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Louisa County man named Iowa Tree Farmer of the Year

Louisa County man named Iowa Tree Farmer of the Year

COLUMBUS JUNCTION (AP) — There hasn’t been a crop on it in years, but the way Richard Stoneking sees it, his 185 tree-covered acres still are a farm.

There’s just a different kind of harvest.

Instead of corn or beans, there are pecans and walnuts, pears and apples, a never-ending supply of firewood, wildlife galore and the blazing colors of spring and fall foliage.

And this year, The Hawk Eye reports it yielded something new: the title of 2015 Iowa Tree Farmer of the Year.

Although she works with plenty of landowners who are “dedicated” to planting trees, Iowa Department of Natural Resources district forester Lisa Louck, who nominated him for the award, said Stoneking tops the list.

“He is showing the care put into those trees is really going to have a great return, the quality of what is out there and the legacy it leaves behind,” said Louck, who works out of the DNR’s office in Wapello.

She praised Stoneking’s emphasis on not only diversity, but aesthetics, neither of which are traditional concerns of farmers planting trees. Situated on a hill above the Iowa River northwest of this Louisa County town, the farm was a collection of small, hard-to-access fields, none of them bigger than 10 acres. Of the entire 185 acres, just 110 were not already in timber before Stoneking got started planting trees in 1975. He started out filling in odd-shaped corners where it was difficult for farmers who were renting the ground to move equipment. As an erosion control measure, he started planting beyond those odd corners. Today, five ponds and thousands of trees in dozens of species, many native to Iowa but some not, fill the acres where crops once grew.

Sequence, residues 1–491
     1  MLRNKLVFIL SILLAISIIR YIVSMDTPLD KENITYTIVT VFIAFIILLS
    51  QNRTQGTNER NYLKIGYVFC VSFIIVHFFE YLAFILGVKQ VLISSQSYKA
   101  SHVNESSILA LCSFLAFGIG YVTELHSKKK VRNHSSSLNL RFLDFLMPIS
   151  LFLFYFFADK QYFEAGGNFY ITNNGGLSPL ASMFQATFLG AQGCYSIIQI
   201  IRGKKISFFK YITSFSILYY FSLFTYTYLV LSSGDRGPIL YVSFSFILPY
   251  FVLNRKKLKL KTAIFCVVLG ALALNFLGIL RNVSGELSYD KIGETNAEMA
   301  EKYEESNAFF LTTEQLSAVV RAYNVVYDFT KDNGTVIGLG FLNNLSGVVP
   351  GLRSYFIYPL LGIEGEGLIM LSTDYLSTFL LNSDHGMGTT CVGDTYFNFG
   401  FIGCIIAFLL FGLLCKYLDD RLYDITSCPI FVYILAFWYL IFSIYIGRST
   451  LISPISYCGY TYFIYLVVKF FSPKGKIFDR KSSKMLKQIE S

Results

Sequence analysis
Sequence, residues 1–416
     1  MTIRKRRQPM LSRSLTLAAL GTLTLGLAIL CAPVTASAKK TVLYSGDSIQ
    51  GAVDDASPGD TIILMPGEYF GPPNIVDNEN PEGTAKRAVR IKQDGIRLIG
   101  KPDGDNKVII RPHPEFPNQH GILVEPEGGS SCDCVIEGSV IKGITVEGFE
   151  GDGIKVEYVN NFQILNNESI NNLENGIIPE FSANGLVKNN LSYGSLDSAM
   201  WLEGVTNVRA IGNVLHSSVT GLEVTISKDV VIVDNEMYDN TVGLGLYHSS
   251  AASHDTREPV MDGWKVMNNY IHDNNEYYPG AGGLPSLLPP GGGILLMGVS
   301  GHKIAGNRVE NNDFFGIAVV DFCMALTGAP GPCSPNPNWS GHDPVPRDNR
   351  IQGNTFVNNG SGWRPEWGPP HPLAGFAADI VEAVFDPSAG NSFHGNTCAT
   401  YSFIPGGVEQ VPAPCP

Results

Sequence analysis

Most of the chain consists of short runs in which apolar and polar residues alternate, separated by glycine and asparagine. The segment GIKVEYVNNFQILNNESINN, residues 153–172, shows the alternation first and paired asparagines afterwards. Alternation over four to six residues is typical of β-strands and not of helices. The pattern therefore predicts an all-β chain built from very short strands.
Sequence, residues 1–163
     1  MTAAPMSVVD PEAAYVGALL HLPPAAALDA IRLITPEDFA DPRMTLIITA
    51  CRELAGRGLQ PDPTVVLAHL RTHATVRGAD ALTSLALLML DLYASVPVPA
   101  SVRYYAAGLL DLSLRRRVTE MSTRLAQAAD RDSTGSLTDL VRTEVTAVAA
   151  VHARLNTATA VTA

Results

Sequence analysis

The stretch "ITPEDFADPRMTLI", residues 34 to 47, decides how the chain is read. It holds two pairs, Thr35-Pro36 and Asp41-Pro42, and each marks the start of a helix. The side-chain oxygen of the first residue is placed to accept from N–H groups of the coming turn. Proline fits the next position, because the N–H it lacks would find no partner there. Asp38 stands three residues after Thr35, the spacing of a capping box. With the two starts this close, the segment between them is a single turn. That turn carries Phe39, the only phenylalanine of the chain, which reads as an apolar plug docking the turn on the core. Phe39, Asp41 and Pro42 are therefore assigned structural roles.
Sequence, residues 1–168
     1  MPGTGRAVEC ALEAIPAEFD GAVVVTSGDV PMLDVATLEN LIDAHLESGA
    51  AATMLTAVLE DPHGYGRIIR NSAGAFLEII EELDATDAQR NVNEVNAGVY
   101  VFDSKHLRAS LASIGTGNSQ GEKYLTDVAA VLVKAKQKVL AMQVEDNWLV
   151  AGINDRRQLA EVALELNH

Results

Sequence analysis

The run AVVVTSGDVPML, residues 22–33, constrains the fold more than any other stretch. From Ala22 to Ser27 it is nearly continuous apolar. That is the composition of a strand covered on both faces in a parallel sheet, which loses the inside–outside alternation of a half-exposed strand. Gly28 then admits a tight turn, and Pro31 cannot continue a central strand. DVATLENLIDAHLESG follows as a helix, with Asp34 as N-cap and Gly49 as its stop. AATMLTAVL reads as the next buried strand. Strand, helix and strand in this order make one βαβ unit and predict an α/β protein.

“I’ve got a little bit of everything,” he said. End-ofseason closeouts at big-box hardware and grocery store garden centers are great places to buy trees cheap. Taking dead or dying trees off other peoples’ property, even planting from seed — a stand of shell bark hickory, among his oldest trees at about 42 or 43 years, grew from nuts brought home from a hunting trip in Missouri — have contributed to the man-made forest that surrounds his home.

The 72-year-old Stoneking has called this land home since 1956, when his father and grandfather bought it. He took ownership in 1971.

“Someday I’ll die out here, but hopefully not soon,” he said.

There’s still too much to do, though, for Stoneking to even think about taking it easy, much less bid a final farewell to his trees.

Never a farmer himself, Stoneking worked 20 years at Rath Packing Co., which later was to become IBP and now is Tyson Foods, then another 20 years at Grain Processing Corp. in Muscatine. In retirement, he now gets to enjoy the work of 40 years.

But it is an active enjoyment. Purposeful plantings and ongoing care are no recipe for kicking back, relaxing and watching the seasons go by.

“They’re actually more work than crops,” he said.

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